Graeme Chapman - natural history photographer - ornithologist

Australian Birds

Western Grasswren
Amytornis textilis
(Viewing 4 of 16 photos)

Click to listen to sound samples Western Grasswrens were first discovered by the French back in the early 1800's at Shark Bay in W.A. and that is still the best place to see them today. Sadly, the same can't be said for most of the other places where they used to occur. Originally, the range extended over a vast area of inland SW Australia and right across the Nullarbor Plain into South Australia. They were last seen on the Nullarbor in about 1909 and the last credible inland sighting in W.A. was made in the 1970's in saltbush country fringing Lake Johnston east of Hyden. They still persist at the eastern end of their range where the population around Iron Knob is now regarded as a subspecies A.t. myall (510203).

What has caused the demise of such a wide-ranging species is open to question. Most of the original range has not been subject to intensive agriculture or clearing. Western Grasswrens are ground feeders and in dry times when the ground was laid bare, both by rabbits and sheep, times would have been tough. Pics 510209 and 510210 graphically show what intensive grazing pressure can do to a chenopod shrubland during drought. Nothing to eat and nowhere to hide - death by starvation or predation. Thankfully we can still see Western Grasswrens fairly easily. At Shark Bay, the road from Denham to Monkey Mia passes through good habitat, and at Monkey Mia itself, the birds are quite easy to find around the car park.There are also a couple of territories just outside the caravan park at Hamelin Pool. In South Australia, the road from Iron Knob to the Gawler Ranges also passes through a lot of suitable habitat (510206). You might even see a Redthroat there as well!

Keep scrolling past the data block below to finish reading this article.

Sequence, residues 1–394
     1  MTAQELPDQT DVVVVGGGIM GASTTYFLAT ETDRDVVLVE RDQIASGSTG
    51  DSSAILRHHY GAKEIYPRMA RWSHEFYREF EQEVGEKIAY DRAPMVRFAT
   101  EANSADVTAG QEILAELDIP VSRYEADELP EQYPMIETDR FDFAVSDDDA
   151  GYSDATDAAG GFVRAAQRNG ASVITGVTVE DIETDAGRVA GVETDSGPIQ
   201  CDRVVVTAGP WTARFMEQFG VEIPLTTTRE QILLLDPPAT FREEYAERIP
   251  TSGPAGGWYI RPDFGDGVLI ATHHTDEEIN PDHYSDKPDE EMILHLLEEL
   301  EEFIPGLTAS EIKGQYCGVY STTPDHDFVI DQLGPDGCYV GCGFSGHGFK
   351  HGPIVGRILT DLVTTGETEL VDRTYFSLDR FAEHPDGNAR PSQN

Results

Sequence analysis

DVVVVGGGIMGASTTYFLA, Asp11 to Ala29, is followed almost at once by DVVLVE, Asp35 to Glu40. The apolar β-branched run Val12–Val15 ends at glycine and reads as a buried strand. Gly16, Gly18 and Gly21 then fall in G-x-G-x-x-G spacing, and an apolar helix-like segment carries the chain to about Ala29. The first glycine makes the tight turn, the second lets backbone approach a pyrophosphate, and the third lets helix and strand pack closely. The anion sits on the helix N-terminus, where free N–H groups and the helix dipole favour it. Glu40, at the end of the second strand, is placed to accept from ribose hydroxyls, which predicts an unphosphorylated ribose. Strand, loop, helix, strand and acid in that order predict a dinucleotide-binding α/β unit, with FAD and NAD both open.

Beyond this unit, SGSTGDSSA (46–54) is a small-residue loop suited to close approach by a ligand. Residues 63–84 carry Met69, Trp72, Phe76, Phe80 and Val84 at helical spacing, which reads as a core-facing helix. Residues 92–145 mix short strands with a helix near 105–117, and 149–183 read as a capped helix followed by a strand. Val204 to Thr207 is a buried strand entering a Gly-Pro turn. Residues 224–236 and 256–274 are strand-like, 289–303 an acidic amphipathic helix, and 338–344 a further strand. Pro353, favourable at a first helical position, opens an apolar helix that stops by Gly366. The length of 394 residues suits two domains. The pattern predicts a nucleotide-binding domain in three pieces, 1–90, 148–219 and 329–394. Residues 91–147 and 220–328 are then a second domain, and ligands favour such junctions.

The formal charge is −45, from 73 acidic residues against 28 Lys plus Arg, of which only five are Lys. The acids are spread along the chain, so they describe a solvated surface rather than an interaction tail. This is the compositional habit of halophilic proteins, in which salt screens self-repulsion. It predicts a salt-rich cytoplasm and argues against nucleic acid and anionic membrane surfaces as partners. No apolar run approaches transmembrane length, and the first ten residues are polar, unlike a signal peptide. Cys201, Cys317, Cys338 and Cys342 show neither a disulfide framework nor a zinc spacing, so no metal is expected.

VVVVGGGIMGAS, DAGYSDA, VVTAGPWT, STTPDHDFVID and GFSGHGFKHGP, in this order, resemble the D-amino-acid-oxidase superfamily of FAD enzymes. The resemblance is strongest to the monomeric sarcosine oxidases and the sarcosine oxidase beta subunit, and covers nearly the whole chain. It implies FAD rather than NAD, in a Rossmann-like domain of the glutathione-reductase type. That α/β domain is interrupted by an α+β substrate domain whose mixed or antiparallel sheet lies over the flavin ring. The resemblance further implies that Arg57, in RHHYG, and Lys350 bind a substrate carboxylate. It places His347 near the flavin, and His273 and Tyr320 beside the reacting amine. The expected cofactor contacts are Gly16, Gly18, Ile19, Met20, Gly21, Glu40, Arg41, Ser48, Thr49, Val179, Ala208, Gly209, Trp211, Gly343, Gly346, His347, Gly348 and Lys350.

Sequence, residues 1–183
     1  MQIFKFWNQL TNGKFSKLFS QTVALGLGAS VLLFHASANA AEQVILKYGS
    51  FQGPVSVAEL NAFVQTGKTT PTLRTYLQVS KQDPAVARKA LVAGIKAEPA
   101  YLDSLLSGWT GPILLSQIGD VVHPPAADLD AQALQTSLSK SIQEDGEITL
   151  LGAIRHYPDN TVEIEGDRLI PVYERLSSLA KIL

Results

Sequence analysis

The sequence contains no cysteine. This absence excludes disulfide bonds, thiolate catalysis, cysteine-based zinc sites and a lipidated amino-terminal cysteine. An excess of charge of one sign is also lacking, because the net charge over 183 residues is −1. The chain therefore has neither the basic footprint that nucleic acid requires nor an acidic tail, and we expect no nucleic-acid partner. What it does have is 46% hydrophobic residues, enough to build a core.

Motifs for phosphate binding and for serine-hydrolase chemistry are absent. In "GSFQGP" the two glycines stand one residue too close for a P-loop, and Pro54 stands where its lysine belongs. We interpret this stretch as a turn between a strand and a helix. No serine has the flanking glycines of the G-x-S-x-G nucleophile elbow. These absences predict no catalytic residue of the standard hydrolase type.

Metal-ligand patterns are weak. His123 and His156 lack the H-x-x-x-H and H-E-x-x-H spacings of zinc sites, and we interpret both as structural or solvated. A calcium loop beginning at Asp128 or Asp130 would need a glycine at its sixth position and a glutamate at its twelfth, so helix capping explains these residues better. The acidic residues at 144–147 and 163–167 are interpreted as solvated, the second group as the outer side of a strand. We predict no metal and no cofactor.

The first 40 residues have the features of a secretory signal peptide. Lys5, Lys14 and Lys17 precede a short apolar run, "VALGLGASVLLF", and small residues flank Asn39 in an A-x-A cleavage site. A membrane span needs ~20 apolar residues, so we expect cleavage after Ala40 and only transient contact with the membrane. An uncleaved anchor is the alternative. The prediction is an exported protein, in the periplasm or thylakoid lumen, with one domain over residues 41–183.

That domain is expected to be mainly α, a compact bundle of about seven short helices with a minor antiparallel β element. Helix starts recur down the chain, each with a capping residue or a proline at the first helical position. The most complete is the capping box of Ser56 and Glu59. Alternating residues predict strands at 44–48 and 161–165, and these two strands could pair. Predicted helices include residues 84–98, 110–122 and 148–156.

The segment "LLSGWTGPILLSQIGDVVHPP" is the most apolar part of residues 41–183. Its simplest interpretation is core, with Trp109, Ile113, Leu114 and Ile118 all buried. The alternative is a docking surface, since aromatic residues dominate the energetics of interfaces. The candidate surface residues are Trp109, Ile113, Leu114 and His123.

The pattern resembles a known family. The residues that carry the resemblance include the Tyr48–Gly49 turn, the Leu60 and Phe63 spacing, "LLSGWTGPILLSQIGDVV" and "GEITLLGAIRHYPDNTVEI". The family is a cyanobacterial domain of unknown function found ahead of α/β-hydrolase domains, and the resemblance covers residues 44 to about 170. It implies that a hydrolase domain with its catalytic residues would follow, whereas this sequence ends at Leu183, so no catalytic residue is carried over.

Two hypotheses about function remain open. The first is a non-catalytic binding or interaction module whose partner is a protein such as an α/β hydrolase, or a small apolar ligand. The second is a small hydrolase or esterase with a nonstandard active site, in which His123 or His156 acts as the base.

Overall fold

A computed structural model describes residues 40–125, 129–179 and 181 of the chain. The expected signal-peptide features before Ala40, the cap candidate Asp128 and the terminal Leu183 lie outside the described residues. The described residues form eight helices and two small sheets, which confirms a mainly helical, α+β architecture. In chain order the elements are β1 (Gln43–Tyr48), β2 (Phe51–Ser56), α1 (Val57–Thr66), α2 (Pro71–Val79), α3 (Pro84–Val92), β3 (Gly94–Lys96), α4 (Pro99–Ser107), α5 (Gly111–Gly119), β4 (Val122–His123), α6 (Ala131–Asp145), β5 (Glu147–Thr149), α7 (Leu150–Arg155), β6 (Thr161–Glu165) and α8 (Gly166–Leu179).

Photo: 510101

510101 ... Western Grasswren, Amytornis textilis textilis, male at nest, Peron Peninsula, W.A.

Photo: 510102

510102

Photo: 510203

510203 ... Subspecies Amytornis textilis myall from S.A.

Photo: 510204

510204 ... Low coastal acacia scrub at Peron Peninsula, W.A., habitat of nominate subspecies Amytornis textilis textilis


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